The panels embroidered by Teofila Servin Barriga and her family are both simple and sophisticated at the same time. Most of the embroidery consists of highly stylized people, animals and plants which do not try to be realistic, but at the same time provide snapshots of traditional rural life in the Lake Patzcuaro area.
This particular kind of embroidery does not have a long history in Michoacan, and it is heavily dependent on the tourism trade in the state. Nonetheless, one of its goals is to preserve and promote tradtional culture and traditions.
This embroidery can be and is done on clothing items, but the bulk of the work are panels which contain one or more scenes, with motifs ranging from the pre Hispanic past, modern indigenous communities and life in the countryside. Specific scenes include, but are not limited to, patron saint’s day celebrations, fishing in Lake Patzcuaro, holidays such as Day of the Dead, folk dances and weddings. These panels are sold either to be framed as artwork or to be integrated into cloth items such as rebozos, tote bags and pillows. The latter has a number of these for sale in its store, but they do only the embroidery, contracting with others to do the sewing.
Some motifs depicts things that have since disappeared because of modernization such as certain folk dances and rituals such as the “kidnapping” of a woman’s clothes by a suitor whose father disapproves in order to push him to agree to the match. One novel concept done by the Servin family is a tree-based allegory pattern with themes such as love and family. Scenes are separated by branches with elements such as birds indicating the love of Christ. The images bear a resemblance to the trees-of-life created in Metepec, State of Mexico, where Servin’s husband is from.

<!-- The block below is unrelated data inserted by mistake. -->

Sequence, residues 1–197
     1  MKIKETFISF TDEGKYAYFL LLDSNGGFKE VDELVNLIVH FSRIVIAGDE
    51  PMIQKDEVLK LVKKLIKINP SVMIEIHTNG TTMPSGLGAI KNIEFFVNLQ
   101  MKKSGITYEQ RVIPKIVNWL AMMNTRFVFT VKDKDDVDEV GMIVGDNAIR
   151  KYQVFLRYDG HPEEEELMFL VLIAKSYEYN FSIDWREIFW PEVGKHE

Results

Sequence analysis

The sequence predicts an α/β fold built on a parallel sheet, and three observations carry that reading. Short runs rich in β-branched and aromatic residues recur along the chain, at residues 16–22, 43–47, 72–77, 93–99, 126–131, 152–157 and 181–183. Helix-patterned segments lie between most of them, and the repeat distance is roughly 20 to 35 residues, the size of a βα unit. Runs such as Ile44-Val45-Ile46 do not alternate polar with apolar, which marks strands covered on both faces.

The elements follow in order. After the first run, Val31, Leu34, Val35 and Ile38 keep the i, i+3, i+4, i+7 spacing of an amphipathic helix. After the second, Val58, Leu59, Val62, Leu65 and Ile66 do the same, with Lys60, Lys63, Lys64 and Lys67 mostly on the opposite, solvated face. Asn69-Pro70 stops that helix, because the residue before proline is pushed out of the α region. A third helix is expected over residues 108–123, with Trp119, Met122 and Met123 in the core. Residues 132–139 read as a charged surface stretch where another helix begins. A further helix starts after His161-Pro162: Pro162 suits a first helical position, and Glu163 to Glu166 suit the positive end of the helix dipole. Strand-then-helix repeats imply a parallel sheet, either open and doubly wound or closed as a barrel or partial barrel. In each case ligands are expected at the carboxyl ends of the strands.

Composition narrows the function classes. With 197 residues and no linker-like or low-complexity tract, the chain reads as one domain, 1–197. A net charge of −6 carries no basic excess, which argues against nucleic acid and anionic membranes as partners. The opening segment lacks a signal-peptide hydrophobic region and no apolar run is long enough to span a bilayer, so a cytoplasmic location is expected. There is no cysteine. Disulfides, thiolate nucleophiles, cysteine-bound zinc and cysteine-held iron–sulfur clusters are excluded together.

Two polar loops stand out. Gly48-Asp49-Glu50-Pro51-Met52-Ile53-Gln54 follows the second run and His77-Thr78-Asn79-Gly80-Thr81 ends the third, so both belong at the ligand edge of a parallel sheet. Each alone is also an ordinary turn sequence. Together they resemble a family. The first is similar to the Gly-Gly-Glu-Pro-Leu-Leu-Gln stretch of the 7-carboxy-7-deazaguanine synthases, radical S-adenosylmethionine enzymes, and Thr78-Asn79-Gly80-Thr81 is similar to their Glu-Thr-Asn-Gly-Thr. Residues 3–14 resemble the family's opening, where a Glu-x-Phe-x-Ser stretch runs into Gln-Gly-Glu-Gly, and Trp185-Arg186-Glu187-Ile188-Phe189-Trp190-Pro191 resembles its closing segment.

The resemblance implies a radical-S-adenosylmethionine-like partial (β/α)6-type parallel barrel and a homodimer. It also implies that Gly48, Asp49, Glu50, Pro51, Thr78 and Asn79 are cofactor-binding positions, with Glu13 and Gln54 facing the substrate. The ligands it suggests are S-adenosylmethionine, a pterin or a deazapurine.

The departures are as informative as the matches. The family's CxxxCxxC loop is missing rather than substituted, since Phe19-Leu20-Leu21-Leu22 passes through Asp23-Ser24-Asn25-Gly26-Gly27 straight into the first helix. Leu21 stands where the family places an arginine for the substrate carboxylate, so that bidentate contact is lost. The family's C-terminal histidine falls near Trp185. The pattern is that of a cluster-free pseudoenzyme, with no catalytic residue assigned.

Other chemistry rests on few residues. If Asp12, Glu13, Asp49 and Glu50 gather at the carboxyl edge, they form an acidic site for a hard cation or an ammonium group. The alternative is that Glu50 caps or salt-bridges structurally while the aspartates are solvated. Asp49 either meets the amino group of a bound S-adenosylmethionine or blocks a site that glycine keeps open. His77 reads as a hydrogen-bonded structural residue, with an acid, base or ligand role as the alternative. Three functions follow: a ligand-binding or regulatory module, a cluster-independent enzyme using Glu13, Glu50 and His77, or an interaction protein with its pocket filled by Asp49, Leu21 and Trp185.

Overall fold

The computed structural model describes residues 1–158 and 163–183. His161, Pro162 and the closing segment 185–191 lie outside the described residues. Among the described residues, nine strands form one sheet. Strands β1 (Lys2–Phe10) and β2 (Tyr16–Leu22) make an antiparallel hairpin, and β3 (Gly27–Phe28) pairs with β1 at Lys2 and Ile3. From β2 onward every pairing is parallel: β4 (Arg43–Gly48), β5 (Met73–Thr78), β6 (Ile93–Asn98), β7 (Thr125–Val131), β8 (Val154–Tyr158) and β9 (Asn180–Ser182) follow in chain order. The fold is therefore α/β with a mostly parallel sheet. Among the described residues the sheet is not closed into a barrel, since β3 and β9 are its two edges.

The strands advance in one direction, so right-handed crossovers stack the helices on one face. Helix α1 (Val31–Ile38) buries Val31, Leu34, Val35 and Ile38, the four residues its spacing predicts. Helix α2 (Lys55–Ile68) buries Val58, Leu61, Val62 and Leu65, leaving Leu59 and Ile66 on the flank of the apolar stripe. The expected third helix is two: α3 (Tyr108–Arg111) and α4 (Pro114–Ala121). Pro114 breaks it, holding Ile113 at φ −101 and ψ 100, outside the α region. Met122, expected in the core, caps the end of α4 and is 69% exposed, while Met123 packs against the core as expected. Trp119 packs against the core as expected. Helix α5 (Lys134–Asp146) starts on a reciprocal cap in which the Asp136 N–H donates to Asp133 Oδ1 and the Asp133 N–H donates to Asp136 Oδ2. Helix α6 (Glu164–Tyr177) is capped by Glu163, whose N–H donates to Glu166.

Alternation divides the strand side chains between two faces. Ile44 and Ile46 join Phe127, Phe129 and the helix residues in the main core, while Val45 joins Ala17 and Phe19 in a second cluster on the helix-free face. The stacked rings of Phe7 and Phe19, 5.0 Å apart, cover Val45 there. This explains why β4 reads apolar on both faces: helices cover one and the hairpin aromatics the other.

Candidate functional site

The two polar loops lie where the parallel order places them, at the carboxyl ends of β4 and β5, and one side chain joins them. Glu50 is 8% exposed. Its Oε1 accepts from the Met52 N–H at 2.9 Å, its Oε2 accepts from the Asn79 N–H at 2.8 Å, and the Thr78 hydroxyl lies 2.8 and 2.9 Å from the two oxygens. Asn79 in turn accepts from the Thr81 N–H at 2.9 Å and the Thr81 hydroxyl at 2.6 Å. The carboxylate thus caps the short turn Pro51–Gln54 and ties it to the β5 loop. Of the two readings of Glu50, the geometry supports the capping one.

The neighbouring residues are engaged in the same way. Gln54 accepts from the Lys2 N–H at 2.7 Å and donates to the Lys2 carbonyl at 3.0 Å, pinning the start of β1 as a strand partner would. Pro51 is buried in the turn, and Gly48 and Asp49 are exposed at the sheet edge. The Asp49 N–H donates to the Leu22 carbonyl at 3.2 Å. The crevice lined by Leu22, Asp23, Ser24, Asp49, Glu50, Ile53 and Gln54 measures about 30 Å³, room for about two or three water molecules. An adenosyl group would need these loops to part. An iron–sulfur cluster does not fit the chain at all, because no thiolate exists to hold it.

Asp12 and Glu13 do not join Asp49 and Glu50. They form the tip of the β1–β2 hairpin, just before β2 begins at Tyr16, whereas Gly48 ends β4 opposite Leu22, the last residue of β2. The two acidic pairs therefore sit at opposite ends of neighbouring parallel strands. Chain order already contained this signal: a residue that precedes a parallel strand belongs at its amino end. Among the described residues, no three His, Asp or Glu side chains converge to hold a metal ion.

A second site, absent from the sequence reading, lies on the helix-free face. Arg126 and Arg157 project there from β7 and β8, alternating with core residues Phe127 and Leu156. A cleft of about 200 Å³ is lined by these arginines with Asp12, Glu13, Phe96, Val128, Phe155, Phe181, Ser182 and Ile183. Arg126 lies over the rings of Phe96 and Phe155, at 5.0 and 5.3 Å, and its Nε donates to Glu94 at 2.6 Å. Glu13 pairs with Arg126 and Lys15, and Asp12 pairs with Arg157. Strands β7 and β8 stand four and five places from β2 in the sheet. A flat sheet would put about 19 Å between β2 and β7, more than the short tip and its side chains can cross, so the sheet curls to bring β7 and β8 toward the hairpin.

The history of this embroidery extends back only to the 1980s. Previously, women in the Tzintzuntzan area did embroider, but it was limited to cross-stitching items such as napkins, pillowcases, etc. for family use. Outside of Patzcuaro proper, the Lake region is very poor, with an economy based on agriculture and very simple commerce of agricultural products. This has forced most men to migrate to other parts of Mexico and into the United States, leaving women and children behind to take care of houses and farm duties.
The figurative form of embroidery here is based off work done in San Juan Parangaricutiro, west of the Lake region. In the 1980s, functionaries with the Casa de Artesanias of Michoacan introduced the embroidery specifically to give women in tiny communities such as Santa Cruz another source of income. They taught the women modern embroidery stitches, along with design and marketing techniques. Since then, the women here have developed their own styles in both embroidery and commercialization. Lake Patzcuaro embroiderers favor figures that are filled in with color (generally done with a kind of backstitch or tied threads) and have a wider variety of motifs/scenes in their repertoire. Women in the Santa Cruz and other parts of the Tzintzuntzan area began forming cooperatives. In this way, members can spend most of their time home taking care of family and production duties, while traveling and sales tasks are rotated. Today, there are two main cooperatives in this area, with Servin’s family belonging to the Don Vasco de Quiroga cooperative.